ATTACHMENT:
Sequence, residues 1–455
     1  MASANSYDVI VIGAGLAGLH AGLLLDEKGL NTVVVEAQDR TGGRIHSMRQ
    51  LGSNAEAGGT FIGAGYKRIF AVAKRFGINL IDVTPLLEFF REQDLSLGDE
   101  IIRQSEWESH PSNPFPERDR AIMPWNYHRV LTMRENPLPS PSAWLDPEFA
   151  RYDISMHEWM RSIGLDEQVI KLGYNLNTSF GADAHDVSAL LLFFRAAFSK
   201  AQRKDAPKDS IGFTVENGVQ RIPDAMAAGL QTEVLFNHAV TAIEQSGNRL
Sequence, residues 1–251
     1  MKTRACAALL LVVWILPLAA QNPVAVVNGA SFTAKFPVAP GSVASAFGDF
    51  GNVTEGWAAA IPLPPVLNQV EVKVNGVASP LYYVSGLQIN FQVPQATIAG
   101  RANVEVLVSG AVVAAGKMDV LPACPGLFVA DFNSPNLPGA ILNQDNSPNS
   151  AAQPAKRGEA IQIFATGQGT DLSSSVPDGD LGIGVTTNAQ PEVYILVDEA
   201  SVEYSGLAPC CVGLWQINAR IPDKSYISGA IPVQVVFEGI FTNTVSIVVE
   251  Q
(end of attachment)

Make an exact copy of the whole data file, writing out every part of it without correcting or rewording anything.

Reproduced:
Sequence, residues 1–455
     1  MASANSYDVI VIGAGLAGLH AGLLLDEKGL NTVVVEAQDR TGGRIHSMRQ
    51  LGSNAEAGGT FIGAGYKRIF AVAKRFGINL IDVTPLLEFF REQDLSLGDE
   101  IIRQSEWESH PSNPFPERDR AIMPWNYHRV LTMRENPLPS PSAWLDPEFA
   151  RYDISMHEWM RSIGLDEQVI KLGYNLNTSF GADAHDVSAL LLFFRAAFSK
   201  AQRKDAPKDS IGFTVENGVQ RIPDAMAAGL QTEVLFNHAV TAIEQSGNRL
Sequence, residues 1–251
     1  MKTRACAALL LVVWILPLAA QNPVAVVNGA SFTAKFPVAP GSVASAFGDF
    51  GNVTEGWAAA IPLPPVLNQV EVKVNGVASP LYYVSGLQIN FQVPQATIAG
   101  RANVEVLVSG AVVAAGKMDV LPACPGLFVA DFNSPNLPGA ILNQDNSPNS
   151  AAQPAKRGEA IQIFATGQGT DLSSSVPDGD LGIGVTTNAQ PEVYILVDEA
   201  SVEYSGLAPC CVGLWQINAR IPDKSYISGA IPVQVVFEGI FTNTVSIVVE
   251  Q